When it comes to the global supply chain for high-demand semiconductors, if it’s not one thing, it’s another. And it seems that just as analysts were hinting at a reprieve from bottlenecks, there’s been another big hit that could have far-reaching implications for the auto industry.
Just before midnight on March 16, a 7.4-magnitude earthquake struck near the Fukushima province in northeastern Japan. Yes – that Fukushima; the one that sustained an earthquake and subsequent tsunami in 2011 that was severe enough to knock a nuclear power plant offline, a disaster which the region is still recovering from.
In this case, there are several factories that are shutting down, at least in the near term, in response to this quake, and unfortunately for the delicately positioned semiconductor market, one of them is a chip plant.
Renesas Electronics Corp., the Japanese manufacturer responsible for roughly a third of the global supply of microcontroller units used in the automotive industry, has suspended production at two chips plants and partially ceased output at another.
The same company also made news in 2021 when a fire broke out in its Naka plant in Japan, hobbling operations for months and adding pressure to an already dire supply chain.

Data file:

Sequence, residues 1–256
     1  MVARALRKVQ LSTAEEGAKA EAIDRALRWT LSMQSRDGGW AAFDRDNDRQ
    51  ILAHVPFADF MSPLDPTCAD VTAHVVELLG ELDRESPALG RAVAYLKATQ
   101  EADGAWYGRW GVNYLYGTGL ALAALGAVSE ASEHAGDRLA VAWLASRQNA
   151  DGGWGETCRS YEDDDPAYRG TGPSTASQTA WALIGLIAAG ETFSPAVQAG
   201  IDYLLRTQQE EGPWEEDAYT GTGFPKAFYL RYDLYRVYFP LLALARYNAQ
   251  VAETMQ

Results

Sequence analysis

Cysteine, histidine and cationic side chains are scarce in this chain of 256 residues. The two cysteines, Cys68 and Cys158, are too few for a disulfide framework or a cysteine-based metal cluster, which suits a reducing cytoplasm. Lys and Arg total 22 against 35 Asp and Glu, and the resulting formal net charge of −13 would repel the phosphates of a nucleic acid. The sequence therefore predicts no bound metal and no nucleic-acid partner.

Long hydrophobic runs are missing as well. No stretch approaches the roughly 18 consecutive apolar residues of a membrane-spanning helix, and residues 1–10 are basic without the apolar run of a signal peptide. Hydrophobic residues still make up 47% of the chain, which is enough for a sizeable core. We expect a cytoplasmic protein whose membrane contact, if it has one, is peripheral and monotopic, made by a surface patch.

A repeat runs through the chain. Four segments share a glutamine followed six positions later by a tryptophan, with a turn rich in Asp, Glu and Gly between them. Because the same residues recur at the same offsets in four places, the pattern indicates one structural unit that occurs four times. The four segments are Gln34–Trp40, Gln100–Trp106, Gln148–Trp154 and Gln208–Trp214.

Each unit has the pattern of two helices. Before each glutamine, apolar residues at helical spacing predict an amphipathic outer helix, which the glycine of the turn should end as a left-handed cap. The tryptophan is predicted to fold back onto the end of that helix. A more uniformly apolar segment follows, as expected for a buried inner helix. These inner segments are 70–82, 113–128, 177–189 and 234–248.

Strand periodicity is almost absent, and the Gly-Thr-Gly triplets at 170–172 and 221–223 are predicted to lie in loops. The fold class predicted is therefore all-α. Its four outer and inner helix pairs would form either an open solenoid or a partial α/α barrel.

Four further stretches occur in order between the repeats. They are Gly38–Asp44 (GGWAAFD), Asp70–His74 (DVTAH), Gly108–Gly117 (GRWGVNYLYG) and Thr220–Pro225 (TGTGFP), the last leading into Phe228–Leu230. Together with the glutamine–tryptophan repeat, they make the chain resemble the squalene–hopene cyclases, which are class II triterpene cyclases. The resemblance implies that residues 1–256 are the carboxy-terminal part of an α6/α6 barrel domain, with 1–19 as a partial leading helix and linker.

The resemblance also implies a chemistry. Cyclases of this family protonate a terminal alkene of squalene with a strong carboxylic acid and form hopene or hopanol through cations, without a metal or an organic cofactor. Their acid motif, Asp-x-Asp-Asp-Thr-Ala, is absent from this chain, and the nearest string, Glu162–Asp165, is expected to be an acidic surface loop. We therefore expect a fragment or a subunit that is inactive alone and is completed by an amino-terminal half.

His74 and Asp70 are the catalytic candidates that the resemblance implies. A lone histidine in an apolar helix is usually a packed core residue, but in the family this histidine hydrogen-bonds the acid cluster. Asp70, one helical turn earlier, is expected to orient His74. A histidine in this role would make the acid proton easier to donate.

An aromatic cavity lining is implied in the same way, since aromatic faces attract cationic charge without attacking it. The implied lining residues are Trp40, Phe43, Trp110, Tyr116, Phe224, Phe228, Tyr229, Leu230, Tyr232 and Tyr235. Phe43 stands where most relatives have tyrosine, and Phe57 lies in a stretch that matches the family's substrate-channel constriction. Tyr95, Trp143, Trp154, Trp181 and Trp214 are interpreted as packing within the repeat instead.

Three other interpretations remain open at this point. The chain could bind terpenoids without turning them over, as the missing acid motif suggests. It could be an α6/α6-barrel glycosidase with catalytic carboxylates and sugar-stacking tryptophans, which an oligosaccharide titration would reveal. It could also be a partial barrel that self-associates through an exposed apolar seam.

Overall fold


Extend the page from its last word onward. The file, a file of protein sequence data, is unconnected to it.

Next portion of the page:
Hideki Yasuda, an analyst at Ace Research Institute, told Reuters that these types of disasters are a “pure negative” and that “components are currently selling as fast as you can make them."
Unfortunately for the region, other industries will be affected, as well. Reports say two other electronics companies halted their operations, including smartphone parts maker Murata Manufacturing and three of Sony Group’s factories that put out storage media, laser diodes and image sensors.
The news comes amid recent reports detailing Fukushima’s lingering problem of how to decommission the site that experienced a meltdown in 2011. Nearly 900 tons of melted nuclear fuel still remain inside the three damaged reactors, and its removal is an unprecedented challenge that local officials believe will take another three decades.